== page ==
Policy 6.3 should also provide for engagement with organizations with expertise in natural values of these lands, such as FOG.
Policy 6.4 for regular collaboration between the NCA and ACT Government agencies is welcome and strongly supported by FOG. We note that the lands with natural values occur on sites with a mixture of ACT and NCA land tenures so that effective collaboration and consistent management is essential if the threatened vegetation community and species are to survive. We also observe that previous agreements for inter-jurisdictional collaboration do not appear to have resulted in effective on-ground conservation, as indicated by the weed infestations on both ACT and NCA lands in Stirling Park and between Lady Denman Drive and the Tuggeranong Parkway. The ACT Government has staff with extensive land, ecological, and fire management expertise that may complement the NCA’s strengths. FOG urges the NCA and ACT Government to consider how to better implement the 1998 Memorandum.
Where we have additional comments on the specific proposals in the contributing volumes we detail these below:
Volume 2 - Stirling Ridge and Attunga Point
Component 3. Westlake Settlement site.
- Extensive weed infestations from this site threaten adjacent grassy ecosystems. Systematic removal of some species is required, including some that may have originated as ornamental plantings. The infestation of Broom at the site is one example.
- Runoff from Empire Circuit into Haines Creek is contributing to the infestations of weeds along this ecologically important habitat. The option of installing an artificial wetland filter by Empire Circuit should be considered to reduce inflows of weed seeds, silt, nutrients and other pollutants.
Components 4 & 5. Button Wrinklewort habitat and grassy woodlands.
- We strongly support the conservation measures proposed and urge this Plan be updated with the more recent ecological management actions proposed in the management plan recently prepared for the site (see General Comments point d) above);
- We urge the NCA to remove the road reservation for the proposed extension of Empire Circuit (Policy C4-1.2; Policy C5-1.3) through the site, and rezone the broader area to “wildlife refuge” under the National Capital Plan;
- The natural heritage values of this site are in grave danger of being lost to weed invasion, from both woody weeds like Cootamundra Wattle and Cotoneaster, and grasses like Chilean Needle Grass. A major weed control effort is urgently required across Stirling Park;
- A section of Stirling Park between Alexandrina Drive and Foster Crescent is ACT Government land, and prompt action is required to coordinate management of these lands if actions such as weed control are to be effective;
- The tenure of Stirling Park lands adjacent to Flynn Drive requires clarification, as signs on site suggest embassy developments may be proposed, and the land rezoned for conservation.
Component 6. Remnant grassland. We strongly support the conservation measures proposed and urge this Plan be updated with the more recent ecological management actions proposed in the management plan recently prepared for the site (see General Comments point d) above). We further urge that efforts are made to restore indigenous vegetation across broader areas of Attunga Point, including removal of exotic lake shore vegetation and reconnection to the grassy woodland on the other side of Alexandrina Drive to the extent that is feasible.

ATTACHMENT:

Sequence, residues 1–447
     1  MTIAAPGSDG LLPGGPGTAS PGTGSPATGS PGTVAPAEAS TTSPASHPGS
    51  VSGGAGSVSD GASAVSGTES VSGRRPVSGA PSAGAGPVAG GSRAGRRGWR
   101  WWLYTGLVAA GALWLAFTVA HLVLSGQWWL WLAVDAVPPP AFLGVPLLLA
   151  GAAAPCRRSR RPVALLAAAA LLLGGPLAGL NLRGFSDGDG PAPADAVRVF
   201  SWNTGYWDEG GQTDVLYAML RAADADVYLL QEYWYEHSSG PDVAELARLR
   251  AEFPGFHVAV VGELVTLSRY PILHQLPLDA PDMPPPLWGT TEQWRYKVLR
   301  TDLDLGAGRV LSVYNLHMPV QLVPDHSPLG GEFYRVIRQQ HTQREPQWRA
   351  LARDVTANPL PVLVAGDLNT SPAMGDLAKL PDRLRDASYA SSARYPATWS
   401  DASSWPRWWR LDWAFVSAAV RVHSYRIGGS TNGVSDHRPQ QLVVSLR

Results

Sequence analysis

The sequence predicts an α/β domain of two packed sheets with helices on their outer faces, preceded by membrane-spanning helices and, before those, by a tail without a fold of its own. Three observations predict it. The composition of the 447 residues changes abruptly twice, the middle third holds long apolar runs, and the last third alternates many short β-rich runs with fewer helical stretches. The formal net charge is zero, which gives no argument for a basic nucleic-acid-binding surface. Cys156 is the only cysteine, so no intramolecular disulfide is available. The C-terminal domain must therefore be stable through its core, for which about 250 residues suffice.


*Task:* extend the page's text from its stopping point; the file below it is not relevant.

Components 4 - 6. Grassy ecosystem conservation.
- We urge that the NCA consider how the management of this large grassy woodland site can be undertaken in collaboration with other botanical institutions in the vicinity including the two Arboretums and the Australian National Botanical Gardens. After stabilizing and securing the conservation of currently present habitat and species, measures should include the reintroduction of locally extinct plant and animal species to make this a conservation demonstration site, and the provision of extensive interpretation for the public;
- FOG strongly supports proposals to reinstate ecologically appropriate burns on this site.
Volume 3 - Yarramundi Peninsula
Component 4. Temperate grassland.
- We welcome the proposed conservation measures and urge this Plan be updated with the more recent ecological management actions proposed in the management plan recently prepared for the site (see General Comments point d) above);
- The natural heritage values of this site are in grave danger of being lost to weed invasion, particularly from grasses like Chilean Needle Grass. A major weed control and indigenous grassland re-establishment effort is urgently required;
- We urge that the NCA consider how the management of this large grassland site can be undertaken in collaboration with other botanical institutions in the vicinity including Black Mountain Nature Park, the two Arboretums and the Australian National Botanical Gardens. After stabilizing and securing the conservation of currently present habitat and species, measures should include the reintroduction of locally extinct plant and animal species to make this a conservation demonstration site, and the provision of extensive interpretation for the public;